-- is there any recommended reading or viewing on bar/chain maintenance and sharpening?
-- do guide bars wear out and what problems would a worn guide bar cause?
-- how do Archer products stack up quality wise? I'm looking at a 24-in bar and chain on flea bay for a reasonable price.

Sent from my Pixel 3 XL using Tapatalk
 
Mad Professor

Mad Professor

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I have not yet received a reply from @chainsawlady about the OEM bars.

I have been using chainsaws occasionally since I was in my teens, and now I'm close to retirement. But in my reading on this forum over the past several days I realized that I do not know Jack about chainsaw use or maintenance...
I have been resharpening the same chain for years, Using a small handheld Dremel type rotary grinding tool. I'm sure this is not how the purists do it but it sure seems to have been working reasonably well for me, at least in my limited experience...

So I have a couple additional questions:
-- is there any recommended reading or viewing on bar/chain maintenance and sharpening?
-- do guide bars wear out and what problems would a worn guide bar cause?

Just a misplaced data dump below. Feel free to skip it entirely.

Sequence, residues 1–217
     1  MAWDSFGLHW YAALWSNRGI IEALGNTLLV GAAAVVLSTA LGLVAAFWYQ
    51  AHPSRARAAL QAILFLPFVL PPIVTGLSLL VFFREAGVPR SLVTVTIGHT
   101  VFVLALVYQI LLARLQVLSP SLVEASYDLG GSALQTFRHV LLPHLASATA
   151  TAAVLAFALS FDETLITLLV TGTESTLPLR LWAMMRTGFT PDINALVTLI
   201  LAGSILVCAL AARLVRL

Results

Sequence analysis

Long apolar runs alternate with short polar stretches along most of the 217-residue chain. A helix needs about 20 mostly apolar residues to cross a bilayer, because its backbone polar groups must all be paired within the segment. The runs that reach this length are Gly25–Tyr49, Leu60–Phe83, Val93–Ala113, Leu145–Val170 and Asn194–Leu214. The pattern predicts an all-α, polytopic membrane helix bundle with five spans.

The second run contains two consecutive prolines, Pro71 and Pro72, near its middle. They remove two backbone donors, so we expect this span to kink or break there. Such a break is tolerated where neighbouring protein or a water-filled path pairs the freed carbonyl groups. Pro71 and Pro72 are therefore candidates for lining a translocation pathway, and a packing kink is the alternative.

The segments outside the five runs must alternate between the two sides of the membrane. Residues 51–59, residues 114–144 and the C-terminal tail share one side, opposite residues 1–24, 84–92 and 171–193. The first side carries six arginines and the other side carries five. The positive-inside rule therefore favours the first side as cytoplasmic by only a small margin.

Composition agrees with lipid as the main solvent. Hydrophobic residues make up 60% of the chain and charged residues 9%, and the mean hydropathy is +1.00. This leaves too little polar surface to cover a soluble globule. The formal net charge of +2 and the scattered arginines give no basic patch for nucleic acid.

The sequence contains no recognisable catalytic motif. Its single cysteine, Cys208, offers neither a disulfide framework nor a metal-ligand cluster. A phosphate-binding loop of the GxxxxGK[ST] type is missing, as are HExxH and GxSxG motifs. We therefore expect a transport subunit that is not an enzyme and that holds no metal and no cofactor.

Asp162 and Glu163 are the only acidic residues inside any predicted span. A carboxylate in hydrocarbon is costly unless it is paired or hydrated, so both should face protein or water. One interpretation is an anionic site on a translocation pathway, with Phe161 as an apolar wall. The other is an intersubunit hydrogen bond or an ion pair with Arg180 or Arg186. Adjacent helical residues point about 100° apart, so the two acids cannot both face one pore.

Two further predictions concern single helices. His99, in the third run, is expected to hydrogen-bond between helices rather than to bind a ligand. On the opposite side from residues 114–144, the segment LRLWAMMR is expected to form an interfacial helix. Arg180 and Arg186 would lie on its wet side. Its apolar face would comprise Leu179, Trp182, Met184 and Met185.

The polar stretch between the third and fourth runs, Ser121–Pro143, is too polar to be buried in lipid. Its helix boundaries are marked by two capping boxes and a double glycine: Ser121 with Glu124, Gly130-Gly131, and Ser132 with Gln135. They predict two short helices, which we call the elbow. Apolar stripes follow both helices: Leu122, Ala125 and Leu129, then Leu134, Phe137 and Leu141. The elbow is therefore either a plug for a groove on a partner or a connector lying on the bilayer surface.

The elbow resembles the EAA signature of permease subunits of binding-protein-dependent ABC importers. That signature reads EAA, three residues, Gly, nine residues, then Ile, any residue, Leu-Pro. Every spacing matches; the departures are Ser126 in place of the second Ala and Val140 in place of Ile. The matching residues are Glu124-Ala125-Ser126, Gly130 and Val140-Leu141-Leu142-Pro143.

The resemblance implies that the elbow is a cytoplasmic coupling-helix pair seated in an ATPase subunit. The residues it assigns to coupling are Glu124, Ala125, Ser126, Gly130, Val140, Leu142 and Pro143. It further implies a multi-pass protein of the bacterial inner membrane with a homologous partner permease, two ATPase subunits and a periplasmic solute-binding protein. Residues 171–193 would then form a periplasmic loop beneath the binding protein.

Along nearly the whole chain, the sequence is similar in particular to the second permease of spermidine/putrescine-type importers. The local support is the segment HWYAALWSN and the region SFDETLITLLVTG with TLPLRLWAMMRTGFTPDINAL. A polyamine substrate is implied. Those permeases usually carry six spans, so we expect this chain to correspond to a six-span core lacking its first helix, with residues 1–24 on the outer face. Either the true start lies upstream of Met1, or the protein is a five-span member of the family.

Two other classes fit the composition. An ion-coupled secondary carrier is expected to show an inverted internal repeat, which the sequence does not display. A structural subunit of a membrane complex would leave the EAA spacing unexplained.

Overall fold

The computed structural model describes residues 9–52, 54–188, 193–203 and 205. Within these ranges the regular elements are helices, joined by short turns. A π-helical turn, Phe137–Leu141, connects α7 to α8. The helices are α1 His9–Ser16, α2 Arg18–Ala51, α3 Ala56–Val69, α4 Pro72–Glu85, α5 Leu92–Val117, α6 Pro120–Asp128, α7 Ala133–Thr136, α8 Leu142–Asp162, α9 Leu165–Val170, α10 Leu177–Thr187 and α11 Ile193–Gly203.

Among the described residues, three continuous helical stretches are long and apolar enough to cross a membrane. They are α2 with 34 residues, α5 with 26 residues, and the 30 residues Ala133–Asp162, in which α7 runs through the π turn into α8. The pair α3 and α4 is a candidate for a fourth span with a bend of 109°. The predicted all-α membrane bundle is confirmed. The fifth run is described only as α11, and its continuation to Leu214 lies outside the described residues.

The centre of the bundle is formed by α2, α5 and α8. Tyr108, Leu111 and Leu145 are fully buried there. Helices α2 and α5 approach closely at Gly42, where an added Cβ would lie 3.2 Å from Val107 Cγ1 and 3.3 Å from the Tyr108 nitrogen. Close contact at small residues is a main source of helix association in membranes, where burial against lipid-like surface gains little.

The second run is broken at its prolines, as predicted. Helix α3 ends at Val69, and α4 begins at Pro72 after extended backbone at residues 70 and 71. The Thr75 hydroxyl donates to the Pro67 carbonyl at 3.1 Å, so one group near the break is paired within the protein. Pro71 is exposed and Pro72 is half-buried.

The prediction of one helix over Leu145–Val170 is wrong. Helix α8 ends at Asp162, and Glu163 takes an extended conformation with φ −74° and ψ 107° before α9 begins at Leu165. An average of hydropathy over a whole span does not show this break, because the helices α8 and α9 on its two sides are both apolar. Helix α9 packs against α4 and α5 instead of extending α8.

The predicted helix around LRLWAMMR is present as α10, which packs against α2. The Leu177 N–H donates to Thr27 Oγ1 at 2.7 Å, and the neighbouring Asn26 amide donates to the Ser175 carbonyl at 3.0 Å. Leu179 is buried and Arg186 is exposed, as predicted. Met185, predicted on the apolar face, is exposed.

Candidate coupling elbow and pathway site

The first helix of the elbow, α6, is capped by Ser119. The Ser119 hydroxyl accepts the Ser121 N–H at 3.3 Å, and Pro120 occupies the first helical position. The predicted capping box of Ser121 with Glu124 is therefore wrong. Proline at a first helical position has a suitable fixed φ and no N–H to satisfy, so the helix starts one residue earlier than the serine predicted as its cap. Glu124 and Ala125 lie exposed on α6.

-- how do Archer products stack up quality wise? I'm looking at a 24-in bar and chain on flea bay for a reasonable price.

Sent from my Pixel 3 XL using Tapatalk

Enough reading here about chains/bars, sharpening to keep you busy for a week.

I've used the dremel tool attachments. You have to make sure they are setup proper to get the right profile on the cutter (hook and gullet). The diamond stones are the best.

The Pferd 2 in 1 file holders work decent. I've been a hand filer and just use a simple holder, sometimes just a file with a handle on the tang. Mounting the saw by the bar in a vice will help hold things steady.

For practice, take a sharpie and black out the cutting/filed surface. Then observe when you get all the marker off as you file the cutter. It should clean up to bare metal and have sharp edges. Read up on what a proper filed cutter looks like.